John Minchillo / AP

The new Senate health bill would drastically affect children who depend on Medicaid to cover their special medical needs, even though Senate Republicans tried to shield them, reports Kaiser Health News. The legislation would exempt many young recipients from the new, highly-restrictive Medicaid spending caps that are applied on a per-person basis — but as many as 4 million wouldn't qualify the way the exemption is written.

What's at stake: Children with special conditions, such as those with cystic fibrosis, autism, and Down syndrome, would be subject to the cuts determined by their state, who are already under mounting financial pressure.

Why it matters: Advocacy groups weren't thrilled with the exemption in the first place -- they didn't want to see some vulnerable people being protected from Medicaid spending limits while others weren't. But this piece provides fresh evidence that the exemption wouldn't even shield all of the children it was trying to reach.

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How "naked ballots" could upend mail-in voting in Pennsylvania

Trump signs in Olyphant, Penn. Photo: Eric Baradat/AFP via Getty Images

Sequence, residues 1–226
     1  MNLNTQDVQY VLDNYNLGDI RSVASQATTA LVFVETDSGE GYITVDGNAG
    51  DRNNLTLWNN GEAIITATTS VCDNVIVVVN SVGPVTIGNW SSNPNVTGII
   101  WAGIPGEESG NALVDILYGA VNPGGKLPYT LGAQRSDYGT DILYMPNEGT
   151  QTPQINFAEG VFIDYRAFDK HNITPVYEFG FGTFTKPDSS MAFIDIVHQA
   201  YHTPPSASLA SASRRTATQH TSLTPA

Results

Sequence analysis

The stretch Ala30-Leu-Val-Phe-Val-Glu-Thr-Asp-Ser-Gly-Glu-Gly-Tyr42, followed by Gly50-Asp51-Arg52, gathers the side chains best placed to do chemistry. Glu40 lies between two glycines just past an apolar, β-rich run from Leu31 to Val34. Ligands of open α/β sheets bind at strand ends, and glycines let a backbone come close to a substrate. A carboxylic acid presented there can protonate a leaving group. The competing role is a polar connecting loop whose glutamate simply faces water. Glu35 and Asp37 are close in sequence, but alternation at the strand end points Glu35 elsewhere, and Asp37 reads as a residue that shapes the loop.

Pennsylvania's Supreme Court ordered state officials last week to throw out mail-in ballots submitted without a required inner "secrecy" envelope in November's election, the Philadelphia Inquirer reports.

The state of play: The decision went under the radar alongside the simultaneous decision to extend the time that mail-in ballots could be counted, but Philadelphia's top elections official warned state legislators this week that throwing out so-called "naked ballots" could bring "electoral chaos" to the state and cause "tens of thousands of votes" to be thrown out — potentially tipping the presidential election.

Commission releases topics for first presidential debate

Moderator Chris Wallace. Photo: Drew Angerer/Getty Images

Fox News anchor Chris Wallace has selected what topics he'll cover while moderating the first presidential debate between President Trump and former Vice President Joe Biden next week.

What to watch: Topics for the Sept. 29 debate will include Trump and Biden's records, the Supreme Court, COVID-19, economic policy, racism and the integrity of the election, the Commission for Presidential Debates announced on Tuesday. Each topic will receive 15 minutes of conversation and will be presented in no particular order.

Fed chair warns economy will feel the weight of expired stimulus

Treasury Secretary Steven Mnuchin and Fed Chair Jay Powell bump elbows before House hearing on Tuesday. Photo: Joshua Roberts/Pool/AFP via Getty Images

Federal Reserve Chairman Jerome Powell told the House Financial Services Committee on Tuesday that the expiration of Congress' coronavirus stimulus will weigh on the U.S. economy.

Why it matters: Powell warned that the effects of dried-up benefits are a looming risk to the economy, even if the consequences aren't yet visible.

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